Beware of martial law and the military

From the mid-1820s to 1832, there was a period of violent conflict between the British colonists and Aboriginal Australians in Tasmania. In November 1828 martial law was declared, effectively providing immunity for killing aboriginal people, which was in force for more than three years.

For 38 years until 1987, Taiwan was under martial law as the government utilized the perceived threat of the need to suppress Communist activities in the island-nation.

Army Commander in Chief Gen. Prayuth Chan-ocha declared martial law nationwide in Thailand on May 20, 2014, after seven months of political unrest. One year later, martial law was lifted.

Canadian Prime Minister Pierre Trudeau placed the province of Quebec and, particularly, the city of Montreal under martial law from October to December 1970. This was during what has become to be called “The October Crisis” as separatist members of the Front de Libération du Québec kidnapped provincial Cabinet Minister Pierre Laporte and British diplomat James Cross. This came after seven years of politically motivated bombings.

Under the authoritarian rule of Ferdinand E. Marcos, the Philippines was placed under martial law from 1972 to 1981, with the government citing an intensifying Communist insurgency.

Any government that invokes martial law for any reason other than a natural/man-made disaster or extends martial law for a long period of time is a failure. It is that simple.

Even in the instance of Canada in 1970, or now in Mindanao, it is still a failure. Open armed rebellion against the country is absolutely a justification for the imposition of martial law. In truth, the government has an obligation to the people to make such a declaration. But it is still a failure. The government failed to anticipate and stop whatever situation advancing to the point when martial law had to be declared.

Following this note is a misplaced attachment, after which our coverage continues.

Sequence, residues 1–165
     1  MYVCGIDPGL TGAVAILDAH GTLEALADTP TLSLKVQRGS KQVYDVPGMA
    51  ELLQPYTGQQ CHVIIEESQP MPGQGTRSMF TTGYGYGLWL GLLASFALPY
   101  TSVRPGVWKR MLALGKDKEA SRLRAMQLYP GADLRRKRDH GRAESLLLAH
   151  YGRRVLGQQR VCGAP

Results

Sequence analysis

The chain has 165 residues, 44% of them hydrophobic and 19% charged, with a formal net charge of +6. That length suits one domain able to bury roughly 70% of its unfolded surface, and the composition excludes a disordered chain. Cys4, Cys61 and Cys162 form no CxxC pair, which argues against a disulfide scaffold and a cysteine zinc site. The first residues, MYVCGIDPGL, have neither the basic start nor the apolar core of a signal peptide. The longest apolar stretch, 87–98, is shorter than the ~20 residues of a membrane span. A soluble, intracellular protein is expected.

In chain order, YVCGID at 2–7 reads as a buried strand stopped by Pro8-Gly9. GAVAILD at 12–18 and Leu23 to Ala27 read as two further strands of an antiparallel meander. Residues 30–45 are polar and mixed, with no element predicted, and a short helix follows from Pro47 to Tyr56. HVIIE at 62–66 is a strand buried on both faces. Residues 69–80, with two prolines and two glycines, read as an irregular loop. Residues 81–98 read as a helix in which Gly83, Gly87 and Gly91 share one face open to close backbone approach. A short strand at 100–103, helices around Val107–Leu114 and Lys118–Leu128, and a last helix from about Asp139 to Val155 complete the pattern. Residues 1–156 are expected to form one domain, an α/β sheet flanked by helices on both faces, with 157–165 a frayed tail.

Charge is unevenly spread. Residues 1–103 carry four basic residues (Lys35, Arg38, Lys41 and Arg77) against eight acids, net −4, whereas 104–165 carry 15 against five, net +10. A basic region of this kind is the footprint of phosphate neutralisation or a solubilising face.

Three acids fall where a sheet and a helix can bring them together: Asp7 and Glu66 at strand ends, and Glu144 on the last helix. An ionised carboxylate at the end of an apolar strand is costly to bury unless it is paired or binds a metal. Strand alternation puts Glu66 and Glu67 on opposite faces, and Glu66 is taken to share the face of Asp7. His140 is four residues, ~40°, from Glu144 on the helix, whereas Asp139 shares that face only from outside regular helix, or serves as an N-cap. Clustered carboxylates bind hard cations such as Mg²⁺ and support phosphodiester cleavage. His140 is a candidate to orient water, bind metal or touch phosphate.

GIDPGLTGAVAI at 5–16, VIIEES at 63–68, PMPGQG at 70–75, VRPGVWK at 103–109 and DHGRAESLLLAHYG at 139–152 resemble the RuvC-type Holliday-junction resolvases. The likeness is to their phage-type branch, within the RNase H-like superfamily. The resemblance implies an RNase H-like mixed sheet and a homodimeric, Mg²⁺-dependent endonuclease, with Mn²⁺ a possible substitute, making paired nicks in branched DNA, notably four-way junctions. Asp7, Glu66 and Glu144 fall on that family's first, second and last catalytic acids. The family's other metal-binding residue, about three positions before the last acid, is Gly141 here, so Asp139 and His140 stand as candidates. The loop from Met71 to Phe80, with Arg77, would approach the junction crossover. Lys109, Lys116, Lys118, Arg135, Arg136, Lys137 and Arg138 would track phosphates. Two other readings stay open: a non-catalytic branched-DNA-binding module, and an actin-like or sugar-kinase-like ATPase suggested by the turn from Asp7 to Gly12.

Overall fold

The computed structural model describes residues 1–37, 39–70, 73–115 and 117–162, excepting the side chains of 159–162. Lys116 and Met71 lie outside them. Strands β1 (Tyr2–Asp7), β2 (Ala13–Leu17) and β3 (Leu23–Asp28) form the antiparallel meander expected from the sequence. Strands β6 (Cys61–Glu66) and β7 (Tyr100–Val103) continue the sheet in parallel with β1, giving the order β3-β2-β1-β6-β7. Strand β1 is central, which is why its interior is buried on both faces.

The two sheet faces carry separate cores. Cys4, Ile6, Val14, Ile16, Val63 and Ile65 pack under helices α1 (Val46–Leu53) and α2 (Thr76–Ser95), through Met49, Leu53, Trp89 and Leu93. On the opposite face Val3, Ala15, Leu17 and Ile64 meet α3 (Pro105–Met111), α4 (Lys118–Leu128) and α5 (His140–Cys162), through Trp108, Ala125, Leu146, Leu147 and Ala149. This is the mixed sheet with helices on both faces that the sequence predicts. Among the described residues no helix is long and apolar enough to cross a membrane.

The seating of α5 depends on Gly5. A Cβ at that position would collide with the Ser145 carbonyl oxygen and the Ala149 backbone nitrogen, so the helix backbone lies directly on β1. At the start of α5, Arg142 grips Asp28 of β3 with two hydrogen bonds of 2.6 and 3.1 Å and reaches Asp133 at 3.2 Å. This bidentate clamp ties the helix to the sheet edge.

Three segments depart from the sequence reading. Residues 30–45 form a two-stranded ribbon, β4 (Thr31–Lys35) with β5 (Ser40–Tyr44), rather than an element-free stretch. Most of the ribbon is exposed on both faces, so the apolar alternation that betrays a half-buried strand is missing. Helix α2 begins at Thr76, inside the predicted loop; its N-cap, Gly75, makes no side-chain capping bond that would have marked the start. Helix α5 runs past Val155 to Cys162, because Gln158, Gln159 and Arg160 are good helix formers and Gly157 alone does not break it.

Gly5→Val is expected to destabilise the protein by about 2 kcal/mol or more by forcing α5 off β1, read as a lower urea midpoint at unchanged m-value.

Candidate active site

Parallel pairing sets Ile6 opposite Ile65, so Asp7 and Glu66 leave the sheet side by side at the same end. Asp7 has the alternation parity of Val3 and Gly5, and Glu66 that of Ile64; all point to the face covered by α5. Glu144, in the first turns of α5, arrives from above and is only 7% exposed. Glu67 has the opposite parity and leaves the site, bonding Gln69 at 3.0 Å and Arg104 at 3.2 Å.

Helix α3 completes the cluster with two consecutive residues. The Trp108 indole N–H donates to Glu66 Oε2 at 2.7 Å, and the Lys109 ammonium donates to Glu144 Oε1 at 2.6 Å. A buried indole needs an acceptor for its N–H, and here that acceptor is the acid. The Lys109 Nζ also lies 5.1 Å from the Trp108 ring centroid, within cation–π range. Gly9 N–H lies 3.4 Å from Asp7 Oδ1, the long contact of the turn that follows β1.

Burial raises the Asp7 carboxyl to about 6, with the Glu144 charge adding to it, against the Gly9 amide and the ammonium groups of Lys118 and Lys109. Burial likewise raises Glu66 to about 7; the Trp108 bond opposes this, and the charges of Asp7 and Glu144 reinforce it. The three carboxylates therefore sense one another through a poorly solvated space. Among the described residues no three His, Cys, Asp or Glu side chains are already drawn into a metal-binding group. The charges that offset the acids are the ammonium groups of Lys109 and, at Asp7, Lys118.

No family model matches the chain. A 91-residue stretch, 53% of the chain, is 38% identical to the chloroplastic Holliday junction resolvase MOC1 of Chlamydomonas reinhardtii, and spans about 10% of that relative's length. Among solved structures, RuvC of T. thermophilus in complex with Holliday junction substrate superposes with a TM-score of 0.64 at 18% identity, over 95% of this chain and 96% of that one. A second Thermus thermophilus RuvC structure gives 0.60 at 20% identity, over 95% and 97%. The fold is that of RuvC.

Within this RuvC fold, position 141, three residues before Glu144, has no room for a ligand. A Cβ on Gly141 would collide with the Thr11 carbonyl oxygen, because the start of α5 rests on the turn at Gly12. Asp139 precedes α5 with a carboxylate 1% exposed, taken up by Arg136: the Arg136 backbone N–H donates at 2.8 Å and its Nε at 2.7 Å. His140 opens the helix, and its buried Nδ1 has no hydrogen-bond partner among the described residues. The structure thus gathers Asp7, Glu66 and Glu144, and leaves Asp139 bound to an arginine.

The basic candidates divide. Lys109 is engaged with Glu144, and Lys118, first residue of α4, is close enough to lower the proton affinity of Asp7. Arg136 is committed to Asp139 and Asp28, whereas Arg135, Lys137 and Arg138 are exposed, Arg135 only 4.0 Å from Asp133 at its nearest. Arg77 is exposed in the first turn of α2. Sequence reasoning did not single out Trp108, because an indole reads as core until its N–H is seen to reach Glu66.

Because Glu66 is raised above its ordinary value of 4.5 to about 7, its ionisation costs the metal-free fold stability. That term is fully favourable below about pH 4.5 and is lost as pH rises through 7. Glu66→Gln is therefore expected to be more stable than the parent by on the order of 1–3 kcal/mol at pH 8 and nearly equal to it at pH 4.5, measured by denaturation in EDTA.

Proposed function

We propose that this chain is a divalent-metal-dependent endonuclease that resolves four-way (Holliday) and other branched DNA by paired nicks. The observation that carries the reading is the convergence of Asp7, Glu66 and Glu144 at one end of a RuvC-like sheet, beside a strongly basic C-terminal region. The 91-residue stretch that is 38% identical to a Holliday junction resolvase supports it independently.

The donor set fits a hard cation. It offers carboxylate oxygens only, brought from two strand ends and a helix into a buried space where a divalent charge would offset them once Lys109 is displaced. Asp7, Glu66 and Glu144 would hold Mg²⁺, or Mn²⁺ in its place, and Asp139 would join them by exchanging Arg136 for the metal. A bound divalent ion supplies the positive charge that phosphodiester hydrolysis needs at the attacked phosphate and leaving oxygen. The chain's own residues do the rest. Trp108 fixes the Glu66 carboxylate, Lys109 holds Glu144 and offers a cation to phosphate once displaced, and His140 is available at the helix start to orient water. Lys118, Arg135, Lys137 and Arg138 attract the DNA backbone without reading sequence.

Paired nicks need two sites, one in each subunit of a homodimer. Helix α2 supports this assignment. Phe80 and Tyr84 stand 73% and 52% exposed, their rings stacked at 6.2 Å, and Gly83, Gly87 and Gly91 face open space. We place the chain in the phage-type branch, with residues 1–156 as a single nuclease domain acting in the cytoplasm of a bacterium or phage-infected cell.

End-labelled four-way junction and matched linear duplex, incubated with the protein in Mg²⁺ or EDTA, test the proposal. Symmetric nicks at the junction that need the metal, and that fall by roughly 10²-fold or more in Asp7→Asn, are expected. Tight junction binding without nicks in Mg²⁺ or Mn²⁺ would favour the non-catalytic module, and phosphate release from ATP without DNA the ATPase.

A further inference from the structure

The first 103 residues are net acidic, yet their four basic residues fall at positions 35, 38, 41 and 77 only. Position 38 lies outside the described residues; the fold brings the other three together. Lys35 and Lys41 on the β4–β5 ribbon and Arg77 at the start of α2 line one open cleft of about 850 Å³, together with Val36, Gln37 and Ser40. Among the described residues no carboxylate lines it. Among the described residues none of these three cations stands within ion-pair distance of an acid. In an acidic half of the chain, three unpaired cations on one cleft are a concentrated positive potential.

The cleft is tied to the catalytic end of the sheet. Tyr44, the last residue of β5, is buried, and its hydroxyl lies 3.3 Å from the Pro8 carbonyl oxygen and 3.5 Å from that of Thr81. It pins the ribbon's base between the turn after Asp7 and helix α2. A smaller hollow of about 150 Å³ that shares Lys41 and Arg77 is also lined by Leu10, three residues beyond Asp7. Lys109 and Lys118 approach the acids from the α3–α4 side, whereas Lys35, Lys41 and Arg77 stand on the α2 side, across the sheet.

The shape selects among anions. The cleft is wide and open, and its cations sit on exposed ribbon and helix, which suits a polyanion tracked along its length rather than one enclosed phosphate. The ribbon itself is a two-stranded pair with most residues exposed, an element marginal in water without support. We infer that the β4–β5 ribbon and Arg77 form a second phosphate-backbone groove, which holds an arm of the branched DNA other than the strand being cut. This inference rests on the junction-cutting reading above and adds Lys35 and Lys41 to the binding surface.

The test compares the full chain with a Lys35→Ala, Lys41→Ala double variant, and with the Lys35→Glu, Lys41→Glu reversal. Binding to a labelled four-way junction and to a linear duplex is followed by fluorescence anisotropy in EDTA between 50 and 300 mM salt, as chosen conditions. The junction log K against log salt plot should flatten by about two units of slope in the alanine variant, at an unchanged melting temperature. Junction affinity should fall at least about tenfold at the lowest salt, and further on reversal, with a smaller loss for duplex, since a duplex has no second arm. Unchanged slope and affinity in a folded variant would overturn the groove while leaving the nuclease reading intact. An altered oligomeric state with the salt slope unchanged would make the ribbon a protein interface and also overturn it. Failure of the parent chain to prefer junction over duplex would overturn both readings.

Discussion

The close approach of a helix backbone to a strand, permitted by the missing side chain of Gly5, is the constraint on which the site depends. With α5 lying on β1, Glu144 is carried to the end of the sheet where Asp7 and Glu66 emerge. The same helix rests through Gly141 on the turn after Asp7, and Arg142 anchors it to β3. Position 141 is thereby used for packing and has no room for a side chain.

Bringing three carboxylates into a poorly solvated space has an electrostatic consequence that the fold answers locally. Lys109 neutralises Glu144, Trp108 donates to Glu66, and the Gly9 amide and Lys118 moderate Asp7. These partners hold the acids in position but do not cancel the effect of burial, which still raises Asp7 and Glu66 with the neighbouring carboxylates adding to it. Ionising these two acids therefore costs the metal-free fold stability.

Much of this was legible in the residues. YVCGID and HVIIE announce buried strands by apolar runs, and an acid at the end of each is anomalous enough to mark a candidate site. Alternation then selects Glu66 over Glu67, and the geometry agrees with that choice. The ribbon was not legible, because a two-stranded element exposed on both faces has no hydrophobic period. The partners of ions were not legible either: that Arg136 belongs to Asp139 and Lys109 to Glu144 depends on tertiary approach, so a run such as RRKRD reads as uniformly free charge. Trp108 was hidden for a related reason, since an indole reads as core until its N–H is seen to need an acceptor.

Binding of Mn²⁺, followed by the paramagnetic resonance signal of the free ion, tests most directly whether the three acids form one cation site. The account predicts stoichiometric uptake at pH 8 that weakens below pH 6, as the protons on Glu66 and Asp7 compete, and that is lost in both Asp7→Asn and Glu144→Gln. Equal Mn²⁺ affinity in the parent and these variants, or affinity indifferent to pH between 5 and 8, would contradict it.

However, we know that, in the cases mentioned above in Thailand, Taiwan and the Philippines, martial law was imposed for political reasons, even if the official justification might have had some merit. This is the most blatant failure of government and to a certain extent, of the people.

Unfortunately, governments that move to martial law to retain or gain power are able to do so because the people have given the control of the future of their country to the government. We have no excuse for allowing a government to become tyrannical. American author Edward Paul Abbey wrote, “A patriot must always be ready to defend his country against his government.”

“No man is entitled to the blessings of freedom unless he be vigilant in its preservation,” said General Douglas MacArthur. Dr. Jose Rizal expressed the thought best: “There can be no tyrants where there are no slaves”.

However, if the people expect the government to follow the rule of law, so also must the people adhere to the same standard. A government changed by mob rule had better expect the new government to govern by mob rule.

Remember also that “martial law” gives increased power to the military authorities. Asking the military to protect the people is also a dangerous road. To paraphrase the political quote, “A military strong enough to give you everything you want is a military government strong enough to take from you everything you have”. Thailand welcomed martial law to control political chaos. Now they have a government controlled by the military.